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Lesson #36 A History of Political Parties in the United States
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Lesson #37 Why Has the Two-Party System Endured?
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Exam Midterm Exam
Open Chapter Ch. 8: Campaigns and Elections
Lesson #38 The Twenty-First-Century Campaign
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Lesson #39 Financing the Campaign
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Lesson #40 Running for President: The Longest Campaign
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Lesson #41 How Are Elections Conducted?
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Lesson #42 How Do Voters Decide?
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Open Chapter Ch. 9: The Congress
Lesson #43 The Nature and Functions of Congress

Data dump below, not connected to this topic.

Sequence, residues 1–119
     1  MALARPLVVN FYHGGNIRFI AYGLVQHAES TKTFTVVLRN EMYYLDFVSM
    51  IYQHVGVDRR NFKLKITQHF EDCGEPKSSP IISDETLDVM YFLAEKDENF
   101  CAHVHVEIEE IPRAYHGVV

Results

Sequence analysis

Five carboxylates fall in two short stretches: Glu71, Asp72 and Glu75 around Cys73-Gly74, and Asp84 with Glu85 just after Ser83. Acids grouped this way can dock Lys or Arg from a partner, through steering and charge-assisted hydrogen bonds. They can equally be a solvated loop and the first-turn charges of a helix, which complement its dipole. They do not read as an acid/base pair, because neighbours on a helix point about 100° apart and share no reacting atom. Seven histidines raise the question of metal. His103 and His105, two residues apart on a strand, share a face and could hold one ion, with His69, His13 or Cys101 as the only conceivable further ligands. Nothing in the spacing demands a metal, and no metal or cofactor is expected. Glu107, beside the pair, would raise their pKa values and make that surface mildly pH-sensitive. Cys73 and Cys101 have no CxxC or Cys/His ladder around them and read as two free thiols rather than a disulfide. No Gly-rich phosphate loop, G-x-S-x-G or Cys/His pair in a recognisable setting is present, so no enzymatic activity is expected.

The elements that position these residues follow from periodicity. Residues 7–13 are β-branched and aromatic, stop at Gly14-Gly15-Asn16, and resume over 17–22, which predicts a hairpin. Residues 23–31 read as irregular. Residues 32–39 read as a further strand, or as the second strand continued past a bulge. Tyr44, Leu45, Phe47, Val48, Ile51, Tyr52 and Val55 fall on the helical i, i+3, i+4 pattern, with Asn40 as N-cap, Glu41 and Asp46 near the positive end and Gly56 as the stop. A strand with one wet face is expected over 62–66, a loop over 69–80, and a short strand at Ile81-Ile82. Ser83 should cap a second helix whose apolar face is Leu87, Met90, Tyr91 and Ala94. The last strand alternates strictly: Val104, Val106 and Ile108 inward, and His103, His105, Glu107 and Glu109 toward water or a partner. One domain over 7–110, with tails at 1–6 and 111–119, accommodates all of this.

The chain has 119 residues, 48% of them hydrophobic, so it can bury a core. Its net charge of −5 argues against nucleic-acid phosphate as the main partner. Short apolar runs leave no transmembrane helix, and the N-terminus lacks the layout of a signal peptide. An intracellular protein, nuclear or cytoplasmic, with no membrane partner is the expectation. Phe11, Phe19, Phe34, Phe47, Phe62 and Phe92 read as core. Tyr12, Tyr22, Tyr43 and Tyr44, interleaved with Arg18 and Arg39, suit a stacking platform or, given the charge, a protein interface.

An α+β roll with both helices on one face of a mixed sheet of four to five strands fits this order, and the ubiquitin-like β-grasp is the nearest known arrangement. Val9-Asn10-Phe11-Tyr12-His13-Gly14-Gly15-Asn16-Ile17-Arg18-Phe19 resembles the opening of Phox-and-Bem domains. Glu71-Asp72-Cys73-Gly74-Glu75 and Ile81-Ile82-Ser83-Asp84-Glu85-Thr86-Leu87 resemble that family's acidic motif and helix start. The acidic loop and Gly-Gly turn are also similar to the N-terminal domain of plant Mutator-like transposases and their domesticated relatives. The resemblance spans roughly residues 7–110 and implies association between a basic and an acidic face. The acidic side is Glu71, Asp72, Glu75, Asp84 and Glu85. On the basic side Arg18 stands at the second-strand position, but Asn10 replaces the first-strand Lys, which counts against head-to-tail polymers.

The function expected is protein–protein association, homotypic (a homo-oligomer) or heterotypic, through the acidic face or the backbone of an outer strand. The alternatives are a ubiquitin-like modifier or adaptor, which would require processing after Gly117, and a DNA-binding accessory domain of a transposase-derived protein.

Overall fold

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Lesson #44 House-Senate Differences and Congressional Perks
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Lesson #45 Congressional Elections and Apportionment
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Lesson #46 How Congress Is Organized
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Lesson #47 Law Making and Budgeting
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Open Chapter Ch. 10: The Presidency
Lesson #48 Who Can Become President?
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Lesson #49 The Many Roles of the President
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Lesson #50 Presidential Powers
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Lesson #51 The Executive Organization
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Lesson #52 The Vice Presidency
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Exam Exam 3
Open Chapter Ch. 11: The Bureaucracy